A football field-sized asteroid and potentially hazardous body - 163348 (2002 NN4) - is expected to fly by in comparatively close proximity to Earth in the coming days, with the minimal distance from it to our planet due to be registered around 3 a.m. GMT on 6 June, a Space Reference entry suggests, adding that it is expected to be 13 times the average distance from the orbit to the Moon.
First detected back in 2002, it is estimated to be roughly between 0.254 to 0.568 kilometres in diameter, making it small in absolute terms, but larger than 90% of asteroids. The distance that it will travel from the planet surface will reach around 5.93 million kilometres.
Earlier in March, astronomers with the project Virtual Telescope captured on their camera another “potentially hazardous asteroid”, or PHA for short - (52768) 1998 OR2.
NEOWISE data estimates that there are 4,700 ± 1,500 potentially hazardous asteroids with a diameter greater than 100 metres.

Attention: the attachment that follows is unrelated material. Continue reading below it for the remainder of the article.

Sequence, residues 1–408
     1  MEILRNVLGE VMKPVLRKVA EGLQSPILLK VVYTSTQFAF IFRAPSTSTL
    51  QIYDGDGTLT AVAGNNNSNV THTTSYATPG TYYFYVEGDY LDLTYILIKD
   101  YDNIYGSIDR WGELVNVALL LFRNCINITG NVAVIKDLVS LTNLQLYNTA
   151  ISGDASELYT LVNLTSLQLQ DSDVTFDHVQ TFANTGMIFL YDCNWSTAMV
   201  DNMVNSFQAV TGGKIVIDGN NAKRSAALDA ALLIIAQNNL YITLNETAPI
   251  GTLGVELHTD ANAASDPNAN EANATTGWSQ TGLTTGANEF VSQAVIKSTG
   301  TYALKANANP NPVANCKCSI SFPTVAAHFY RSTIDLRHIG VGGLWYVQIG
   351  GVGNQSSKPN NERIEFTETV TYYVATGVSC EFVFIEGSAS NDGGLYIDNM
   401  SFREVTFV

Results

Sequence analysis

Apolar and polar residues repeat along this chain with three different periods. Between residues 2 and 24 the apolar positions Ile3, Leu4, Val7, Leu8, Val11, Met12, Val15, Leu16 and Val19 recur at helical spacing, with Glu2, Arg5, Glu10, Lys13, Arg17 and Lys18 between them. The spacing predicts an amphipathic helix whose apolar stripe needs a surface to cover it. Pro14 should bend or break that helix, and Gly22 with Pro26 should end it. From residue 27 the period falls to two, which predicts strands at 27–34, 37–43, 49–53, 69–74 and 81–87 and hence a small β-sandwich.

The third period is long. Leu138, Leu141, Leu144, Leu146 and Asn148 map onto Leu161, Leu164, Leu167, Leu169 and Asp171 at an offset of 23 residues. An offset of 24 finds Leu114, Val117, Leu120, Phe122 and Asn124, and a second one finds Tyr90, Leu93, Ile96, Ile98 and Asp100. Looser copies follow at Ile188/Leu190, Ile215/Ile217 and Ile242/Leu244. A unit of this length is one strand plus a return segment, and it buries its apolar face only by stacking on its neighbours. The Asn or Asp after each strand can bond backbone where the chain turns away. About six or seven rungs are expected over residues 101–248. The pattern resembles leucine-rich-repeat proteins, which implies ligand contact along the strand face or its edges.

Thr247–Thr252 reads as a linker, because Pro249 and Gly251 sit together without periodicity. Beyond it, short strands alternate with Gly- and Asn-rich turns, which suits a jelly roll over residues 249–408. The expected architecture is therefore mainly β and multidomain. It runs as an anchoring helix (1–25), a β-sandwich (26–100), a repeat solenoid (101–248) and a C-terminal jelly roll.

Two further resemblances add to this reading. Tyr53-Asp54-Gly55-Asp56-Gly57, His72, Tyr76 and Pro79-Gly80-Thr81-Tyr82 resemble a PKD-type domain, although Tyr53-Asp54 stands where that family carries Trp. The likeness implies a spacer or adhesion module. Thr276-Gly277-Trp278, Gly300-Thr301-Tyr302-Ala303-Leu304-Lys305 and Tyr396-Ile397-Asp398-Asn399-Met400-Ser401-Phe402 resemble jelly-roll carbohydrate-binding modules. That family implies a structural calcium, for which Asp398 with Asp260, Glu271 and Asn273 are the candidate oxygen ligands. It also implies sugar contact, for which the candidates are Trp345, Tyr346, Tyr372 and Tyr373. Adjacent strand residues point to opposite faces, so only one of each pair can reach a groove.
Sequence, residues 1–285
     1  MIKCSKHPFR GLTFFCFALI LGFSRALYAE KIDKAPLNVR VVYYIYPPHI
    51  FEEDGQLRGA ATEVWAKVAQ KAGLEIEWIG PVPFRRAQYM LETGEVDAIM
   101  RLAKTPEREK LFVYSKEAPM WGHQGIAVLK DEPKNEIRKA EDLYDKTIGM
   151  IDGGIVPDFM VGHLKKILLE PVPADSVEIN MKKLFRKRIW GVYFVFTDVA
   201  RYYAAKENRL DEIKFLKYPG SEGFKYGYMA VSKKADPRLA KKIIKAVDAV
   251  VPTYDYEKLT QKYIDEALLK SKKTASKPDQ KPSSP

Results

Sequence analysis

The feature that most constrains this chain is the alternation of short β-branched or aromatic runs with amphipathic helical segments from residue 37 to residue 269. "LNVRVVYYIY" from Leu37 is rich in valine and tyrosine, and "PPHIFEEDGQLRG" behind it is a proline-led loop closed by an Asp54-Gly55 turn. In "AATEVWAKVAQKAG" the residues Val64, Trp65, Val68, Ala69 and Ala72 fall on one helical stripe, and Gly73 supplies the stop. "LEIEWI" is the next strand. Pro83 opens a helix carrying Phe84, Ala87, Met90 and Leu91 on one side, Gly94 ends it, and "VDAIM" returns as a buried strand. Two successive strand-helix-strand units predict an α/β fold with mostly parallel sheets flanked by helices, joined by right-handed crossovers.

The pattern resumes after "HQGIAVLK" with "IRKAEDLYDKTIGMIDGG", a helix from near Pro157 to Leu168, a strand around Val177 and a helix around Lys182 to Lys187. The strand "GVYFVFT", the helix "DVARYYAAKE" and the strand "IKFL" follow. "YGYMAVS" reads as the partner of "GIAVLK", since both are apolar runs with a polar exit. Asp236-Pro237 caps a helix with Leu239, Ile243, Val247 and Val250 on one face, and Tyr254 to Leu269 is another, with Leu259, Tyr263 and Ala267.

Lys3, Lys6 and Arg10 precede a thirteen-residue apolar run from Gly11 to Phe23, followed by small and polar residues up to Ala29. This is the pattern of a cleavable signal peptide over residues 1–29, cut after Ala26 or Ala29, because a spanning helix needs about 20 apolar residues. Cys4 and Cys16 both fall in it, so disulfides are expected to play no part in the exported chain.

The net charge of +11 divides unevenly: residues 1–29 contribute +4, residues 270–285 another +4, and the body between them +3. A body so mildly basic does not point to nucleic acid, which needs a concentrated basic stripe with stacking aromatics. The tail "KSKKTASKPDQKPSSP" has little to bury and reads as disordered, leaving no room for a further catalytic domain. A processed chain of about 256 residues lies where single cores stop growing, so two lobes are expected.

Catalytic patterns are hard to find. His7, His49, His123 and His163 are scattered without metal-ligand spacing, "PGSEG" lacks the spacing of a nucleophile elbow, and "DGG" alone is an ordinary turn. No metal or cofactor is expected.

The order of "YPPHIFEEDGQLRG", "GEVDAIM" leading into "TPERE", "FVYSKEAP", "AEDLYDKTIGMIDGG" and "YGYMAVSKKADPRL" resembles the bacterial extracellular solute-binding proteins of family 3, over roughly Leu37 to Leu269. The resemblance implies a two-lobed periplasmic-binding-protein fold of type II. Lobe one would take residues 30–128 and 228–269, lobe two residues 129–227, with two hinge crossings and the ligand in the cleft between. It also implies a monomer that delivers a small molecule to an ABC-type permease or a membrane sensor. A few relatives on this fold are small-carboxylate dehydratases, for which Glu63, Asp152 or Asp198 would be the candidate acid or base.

According to NASA, PHAs are currently determined based on parameters depicting the asteroid’s potential to make its close flyby to the Earth dangerous. In particular, all asteroids with a minimum orbit intersection distance (MOID) of 0.05 au (the average distance between Earth and the Sun) or less and an absolute magnitude (H) of 22.0 or less are defined as PHAs.
NASA and its partners have of late been actively scanning the skies for potentially hazardous asteroids and studying them for ways to deflect an Earth-bound celestial body before it strikes. So far, about one-third of the 25,000 large asteroids thought to be whizzing around Earth have been discovered.